Helaine Melvin on wed 21 apr 04
My fellow clayarters. I have been lurking in the shadows for many =
moons, make that years, and, at the risk of being annihilated for =
opening my mouth I wanted to offer up my thoughts. I work primarily in =
the ^06 range but have been venturing into ^5 and even attempting my =
own glazes. I have been aware of the lead release problem with the =
supposedly food safe glazes since California changed its lead laws in =
the early or mid 80's. I worried a great deal then that I might =
inadvertently become a typhoid Mary by selling work that was not safe =
for my customers. In those early days most of them were family and =
friends and my mother would have given me hell if I had inadvertently =
done in Uncle Phil, of course maybe Aunt Alyce would have thanked me. =
So I began researching what to do. I had just attended an NCECA =
conference in San Jose and met some really wonderful and informative =
people. I had many telephone conversations with people in the Western =
states and I remember Mile Hi Ceramics in Colorado was particularly =
helpful. This is pretty long winded but to get to the point, I =
discovered that when using lead in glazes - and mind you, this was =
fritted lead -supposedly "safe" stuff - that it gets absorbed into the =
fire brick of the kiln. Then it gets onto pieces which are =
subsequently fired in that kiln. I bought lead sticks by the bags full =
and tested pieces and brick and that little pink color kept coming up. =
I sent my work to a lab up in central California and it came back with =
traces of lead even though I had changed the glaze to a lead free =
formula. I remember arguing with the company but they said it is what =
it is. The guy who I used as an advisor suggested making crucibles of =
high fire clay and putting copper carbonate in them and firing the kiln =
I think to ^6. I did this twice and it did work in attracting the lead =
in the brick and pulling it out. I don't know the chemistry but my lead =
sticks came up clean. The Copper Carb also ate through the crucibles and =
ruined my shelves. I have purchased new kilns since then and NEVER =
use any lead in my studio. I also sold those old kilns to someone who =
was slumping glass for lamps so I feel that I was not just passing the =
problem to someone else. (Don't I sound noble!) I'm not.
I know that I, as most of you, have eaten on lead glazed plates and =
bowls growing up. My mother, bless her soul, would never throw away a =
tea cup - depression era mentality I guess- and I drank tea out of many =
glued together cups - which I would never do now. Times were different =
and we are now bombarded by many more things in our modern world. I =
still can't get over that we've turned our cattle into cannibals. Jeez. =
Ethics have gone to hell and profit is the new golden calf. - a little =
I just wanted to pass on a little of what I've learned. I think that =
the kilns become compromised when toxic materials are used. I am =
expecting a full blown chemistry lesson from some of you smarty pants =
out there but I think I can take it. =20
Just one more thing while I am bravely speaking up. Out here we only =
have ^5 clay from Laguna which is our primary supplier since they have =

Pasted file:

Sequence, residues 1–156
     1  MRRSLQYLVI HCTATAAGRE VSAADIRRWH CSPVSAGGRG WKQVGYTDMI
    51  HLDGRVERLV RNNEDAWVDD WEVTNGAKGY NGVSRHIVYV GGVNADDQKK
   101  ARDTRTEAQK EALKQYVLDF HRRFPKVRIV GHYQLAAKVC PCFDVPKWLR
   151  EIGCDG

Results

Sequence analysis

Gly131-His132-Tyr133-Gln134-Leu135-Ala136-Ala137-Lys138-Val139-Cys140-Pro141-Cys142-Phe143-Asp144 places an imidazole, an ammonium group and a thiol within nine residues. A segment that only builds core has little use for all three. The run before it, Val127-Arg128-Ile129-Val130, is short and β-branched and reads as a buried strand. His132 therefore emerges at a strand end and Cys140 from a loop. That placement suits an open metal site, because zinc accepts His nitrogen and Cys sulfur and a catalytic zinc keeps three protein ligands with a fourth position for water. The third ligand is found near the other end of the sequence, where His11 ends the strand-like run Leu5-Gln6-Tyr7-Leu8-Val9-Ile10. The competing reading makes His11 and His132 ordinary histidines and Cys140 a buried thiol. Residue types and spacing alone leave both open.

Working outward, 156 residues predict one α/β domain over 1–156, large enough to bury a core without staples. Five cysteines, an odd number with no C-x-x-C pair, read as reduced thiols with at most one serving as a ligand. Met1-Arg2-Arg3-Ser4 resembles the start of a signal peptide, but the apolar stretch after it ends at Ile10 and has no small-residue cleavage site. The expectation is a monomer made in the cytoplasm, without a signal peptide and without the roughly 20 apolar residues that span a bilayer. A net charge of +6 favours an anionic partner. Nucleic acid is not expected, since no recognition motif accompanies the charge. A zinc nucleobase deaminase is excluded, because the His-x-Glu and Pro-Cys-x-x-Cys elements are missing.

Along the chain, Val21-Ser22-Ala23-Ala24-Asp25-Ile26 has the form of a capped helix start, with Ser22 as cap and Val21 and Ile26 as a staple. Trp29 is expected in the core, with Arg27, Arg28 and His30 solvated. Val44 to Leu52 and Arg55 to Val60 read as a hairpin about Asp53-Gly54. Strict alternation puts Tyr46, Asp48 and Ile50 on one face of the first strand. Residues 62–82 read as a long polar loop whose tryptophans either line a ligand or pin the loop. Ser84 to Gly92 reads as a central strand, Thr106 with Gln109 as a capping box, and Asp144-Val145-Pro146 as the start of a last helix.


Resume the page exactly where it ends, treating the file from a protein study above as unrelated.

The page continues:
gobbled up several of the old "indie" ceramics suppliers. It's strange =
that they supply the rest of the country with ^6 but not us in their =
home state. Aardvark, I know you're out there but a very long trip for =
me. All you guys keep using the ^6 recipes. I have John & Roy's glaze =
book and took Ian Currie's glaze workshop but I'm unclear as to how to =
exactly alter the recipes. I know, there's no magic, it's just keep =
reading and testing.
Lastly, I want to speak out for those of us who are low fire ceramists. =
I love that I can use the pieces as a vehicle for painting and drawing. =
It is a different animal than the beautiful flowing chemistry of the =
higher fire work but please we are family. We also love to work in that =
fickle medium and I feel that many of you dismiss us. I love it all. =
Can't we all just get along?
Thank you for your insights. I'll go back to my corner now.
In the heart of L.A. just South of Hollywood.
John Hesselberth on thu 22 apr 04
On Thursday, April 22, 2004, at 12:35 AM, Helaine Melvin wrote:
> I have John & Roy's glaze book and took Ian Currie's glaze workshop
> but I'm unclear as to how to exactly alter the recipes. I know,
> there's no magic, it's just keep reading and testing.
Thanks for joining in--I hope we hear more from you in the future. To
try to answer your question, some of our glazes will be fine at cone 5.
Others probably need a full cone 6. For those, adding a little more
boron or zinc (depending on what is in them already) should do the
trick. If you have a specific glaze or two you would like to try send
Ron or me a note off-list and we'll suggest a modification.
Snail Scott on fri 23 apr 04
At 09:35 PM 4/21/04 -0700, you wrote:
>...Out here we only have ^5 clay from Laguna which is our primary supplier
since they have gobbled up several of the old "indie" ceramics suppliers.
It's strange that they supply the rest of the country with ^6 but not us in
their home state.
Actually, a lot of Laguna's clays are great at ^6.
When they put out their catalog, they put the clays
into categories of ^06, ^5, and ^10, and publish the
stats for the clays at those temperatures, but that
does not mean that those are the optimum vitrification
temperatures for those clays. It only means that they
tested them at that temperature. Give them a call -
they can be very helpful.